3. Can you work out the question or title just by reading the conclusion?
  • Critically evaluate one of thetheoretical approaches used to describe pattern/object recognition.

    "In conclusion, although feature comparison models do a satisfactory job in explaining how we analyse images for features and match them with images stored in memory, they do not explain how features are combined and recognised thereafter as actual objects in the environment. Although supported by both behavioural and neurological evidence, feature models are limited as they do not account for top-down processes, and at best address only part of the process of pattern/object recognition. 1,085 words."

  • Outline and evaluate one theory of personality development based on the psychodynamic approach

    "Freud believed every child should go through the Oedipus Complex he believed it was a universal phenomenon and other criticism is that it is cultural bias. For example the Malinowski's study of Trobriand islanders the boys were disciplined by their uncles instead of their dad. It was the uncle's role to guide the boy through childhood. However the father remained the mothers lover. Malinowski found was that a Trobiand Island boy his relationship with his father was very good, free of the love- hate ambivalence, which is central to Freud's Oedipus theory. It backs up the behavioural view as he has learned his feelings through his environment by comparison the relationship with the uncle was not usually so good. Segal (1990) suggests that more societies need to be examined including both western and avuncular. His theory has low ecological validity. Freud's theory is not widely accepted anymore. It is hard to give a precise definition of personality. As time changes personality changes over time or does it?"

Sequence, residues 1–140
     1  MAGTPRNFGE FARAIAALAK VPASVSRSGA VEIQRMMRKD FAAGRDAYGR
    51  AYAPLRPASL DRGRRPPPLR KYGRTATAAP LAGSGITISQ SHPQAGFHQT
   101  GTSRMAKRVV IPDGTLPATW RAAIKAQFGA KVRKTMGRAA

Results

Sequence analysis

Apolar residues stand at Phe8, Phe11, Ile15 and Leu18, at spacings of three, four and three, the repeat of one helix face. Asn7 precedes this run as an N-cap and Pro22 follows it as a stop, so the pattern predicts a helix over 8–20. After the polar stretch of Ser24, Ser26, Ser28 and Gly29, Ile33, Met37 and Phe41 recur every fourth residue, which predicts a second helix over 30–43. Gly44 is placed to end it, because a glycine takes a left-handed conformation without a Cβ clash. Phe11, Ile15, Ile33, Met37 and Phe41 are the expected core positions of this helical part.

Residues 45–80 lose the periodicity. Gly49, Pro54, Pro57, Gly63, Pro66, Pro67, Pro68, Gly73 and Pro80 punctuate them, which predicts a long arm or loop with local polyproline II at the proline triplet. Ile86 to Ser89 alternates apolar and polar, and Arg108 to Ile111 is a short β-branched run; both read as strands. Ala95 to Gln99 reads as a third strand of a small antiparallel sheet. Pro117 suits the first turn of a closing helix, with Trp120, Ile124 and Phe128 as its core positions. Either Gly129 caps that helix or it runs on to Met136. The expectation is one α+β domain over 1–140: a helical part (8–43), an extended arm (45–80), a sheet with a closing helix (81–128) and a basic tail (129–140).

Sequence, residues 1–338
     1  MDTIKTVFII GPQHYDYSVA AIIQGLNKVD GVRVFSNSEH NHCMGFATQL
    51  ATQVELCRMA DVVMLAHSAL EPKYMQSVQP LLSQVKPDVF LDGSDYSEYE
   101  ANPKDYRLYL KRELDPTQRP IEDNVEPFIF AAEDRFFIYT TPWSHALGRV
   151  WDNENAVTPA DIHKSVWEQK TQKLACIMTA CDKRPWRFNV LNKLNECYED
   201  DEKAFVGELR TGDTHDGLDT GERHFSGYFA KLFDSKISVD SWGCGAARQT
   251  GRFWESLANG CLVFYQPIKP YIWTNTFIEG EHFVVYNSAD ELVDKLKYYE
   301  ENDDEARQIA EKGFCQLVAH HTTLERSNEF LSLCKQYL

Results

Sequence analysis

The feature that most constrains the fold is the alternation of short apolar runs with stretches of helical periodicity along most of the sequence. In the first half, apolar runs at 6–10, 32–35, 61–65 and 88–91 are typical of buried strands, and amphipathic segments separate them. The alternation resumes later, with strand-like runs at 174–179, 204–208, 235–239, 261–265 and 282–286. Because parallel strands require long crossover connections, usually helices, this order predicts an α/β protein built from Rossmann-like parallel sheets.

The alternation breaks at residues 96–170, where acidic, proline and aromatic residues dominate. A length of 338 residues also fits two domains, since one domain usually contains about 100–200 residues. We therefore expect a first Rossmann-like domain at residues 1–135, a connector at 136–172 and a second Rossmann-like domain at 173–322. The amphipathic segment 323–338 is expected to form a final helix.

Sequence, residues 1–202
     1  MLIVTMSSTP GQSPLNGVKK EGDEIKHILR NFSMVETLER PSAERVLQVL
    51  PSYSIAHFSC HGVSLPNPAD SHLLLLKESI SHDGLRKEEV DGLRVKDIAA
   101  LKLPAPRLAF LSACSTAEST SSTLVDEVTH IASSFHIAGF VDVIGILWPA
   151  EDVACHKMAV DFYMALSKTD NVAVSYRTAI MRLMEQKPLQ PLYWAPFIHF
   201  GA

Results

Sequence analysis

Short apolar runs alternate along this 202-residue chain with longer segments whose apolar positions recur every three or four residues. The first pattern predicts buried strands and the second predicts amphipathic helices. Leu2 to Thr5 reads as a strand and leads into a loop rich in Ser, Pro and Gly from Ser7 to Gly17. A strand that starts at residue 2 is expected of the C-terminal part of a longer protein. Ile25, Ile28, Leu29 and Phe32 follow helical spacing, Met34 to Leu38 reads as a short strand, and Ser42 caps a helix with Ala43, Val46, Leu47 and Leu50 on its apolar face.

• Critically evaluate the psychodynamic approach.

    "To conclude, I think that Freud's psychodynamic approach does make sense, although it may be explained in other ways, and does explain a lot about a person's personality and habits and why they have these certain traits. Even though Freud was known as being a bit too over the top and eccentric with his ideas and theories, they do make great sense and are of great use to finding out about a certain person's personality and why they are like the way they are. It can be useful in further research."